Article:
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Where dark skies draw star-gazers, wildfire smoke spoils the view

GREAT SAND DUNES NATIONAL PARK — The high, lonesome dunes that run up against the Rocky Mountains at 7,500 feet above sea level in southern Colorado are a long, long drive from the closest streetlight, and after dusk, the almost untainted darkness and thin, dry air reveals just how bright the night sky can actually be.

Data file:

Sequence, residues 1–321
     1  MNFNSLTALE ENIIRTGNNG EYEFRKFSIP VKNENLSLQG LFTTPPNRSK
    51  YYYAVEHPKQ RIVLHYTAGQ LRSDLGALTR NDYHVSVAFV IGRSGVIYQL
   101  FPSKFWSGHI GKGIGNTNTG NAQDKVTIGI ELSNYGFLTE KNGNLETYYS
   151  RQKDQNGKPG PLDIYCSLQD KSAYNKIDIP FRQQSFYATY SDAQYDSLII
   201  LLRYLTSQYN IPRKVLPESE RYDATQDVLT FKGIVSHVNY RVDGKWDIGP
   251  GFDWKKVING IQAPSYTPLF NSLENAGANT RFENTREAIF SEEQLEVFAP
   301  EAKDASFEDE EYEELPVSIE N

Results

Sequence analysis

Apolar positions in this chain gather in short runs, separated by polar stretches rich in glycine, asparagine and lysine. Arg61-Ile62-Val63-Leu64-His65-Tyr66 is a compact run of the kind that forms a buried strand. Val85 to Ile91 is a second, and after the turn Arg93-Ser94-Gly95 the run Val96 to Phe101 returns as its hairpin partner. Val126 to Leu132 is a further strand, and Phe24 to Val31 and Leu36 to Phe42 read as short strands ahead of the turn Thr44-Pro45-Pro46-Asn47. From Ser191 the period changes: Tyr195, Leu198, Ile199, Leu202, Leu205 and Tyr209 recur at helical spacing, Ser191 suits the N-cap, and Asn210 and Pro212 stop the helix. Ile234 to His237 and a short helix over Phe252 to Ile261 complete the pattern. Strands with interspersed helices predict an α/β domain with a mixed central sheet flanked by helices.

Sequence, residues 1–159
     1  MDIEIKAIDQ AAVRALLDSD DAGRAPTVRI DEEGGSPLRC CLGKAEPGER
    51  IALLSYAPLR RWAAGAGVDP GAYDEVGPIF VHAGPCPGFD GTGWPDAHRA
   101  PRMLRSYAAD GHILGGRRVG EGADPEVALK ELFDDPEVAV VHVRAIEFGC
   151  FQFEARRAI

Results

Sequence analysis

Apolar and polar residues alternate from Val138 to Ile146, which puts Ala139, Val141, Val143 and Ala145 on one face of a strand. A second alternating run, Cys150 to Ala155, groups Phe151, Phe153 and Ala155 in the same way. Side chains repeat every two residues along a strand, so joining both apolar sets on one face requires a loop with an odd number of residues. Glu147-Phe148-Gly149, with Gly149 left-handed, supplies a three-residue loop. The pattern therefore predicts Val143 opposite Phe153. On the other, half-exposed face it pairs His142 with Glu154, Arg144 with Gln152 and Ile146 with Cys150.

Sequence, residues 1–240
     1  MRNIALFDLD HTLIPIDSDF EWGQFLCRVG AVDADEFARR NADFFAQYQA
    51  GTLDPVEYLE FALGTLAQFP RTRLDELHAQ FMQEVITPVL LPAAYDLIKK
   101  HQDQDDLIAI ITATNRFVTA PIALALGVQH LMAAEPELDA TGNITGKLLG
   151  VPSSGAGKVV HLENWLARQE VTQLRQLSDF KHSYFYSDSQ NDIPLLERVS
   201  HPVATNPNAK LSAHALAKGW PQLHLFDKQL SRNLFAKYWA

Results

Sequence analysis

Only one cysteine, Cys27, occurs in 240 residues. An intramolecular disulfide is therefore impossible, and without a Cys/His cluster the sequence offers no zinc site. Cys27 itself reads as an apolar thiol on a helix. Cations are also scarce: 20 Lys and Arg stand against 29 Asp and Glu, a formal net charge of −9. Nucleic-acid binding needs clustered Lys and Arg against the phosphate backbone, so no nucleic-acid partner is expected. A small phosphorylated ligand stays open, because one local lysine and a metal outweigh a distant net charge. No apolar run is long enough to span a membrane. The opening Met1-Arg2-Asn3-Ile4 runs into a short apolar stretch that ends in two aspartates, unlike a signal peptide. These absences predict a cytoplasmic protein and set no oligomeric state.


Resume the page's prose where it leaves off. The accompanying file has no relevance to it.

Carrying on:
Stars burn fierce enough to cast shadows on the sand. The core of the Milky Way is a blazing arch, soaring over the Continental Divide. Like other remote parts of the West, the dunes are usually an ideal spot to catch the annual summer light show put on by the Perseid meteor shower.

 

Read more about how the wildfire smoke is affecting our night skies from Dave Philipps with the New York Times here.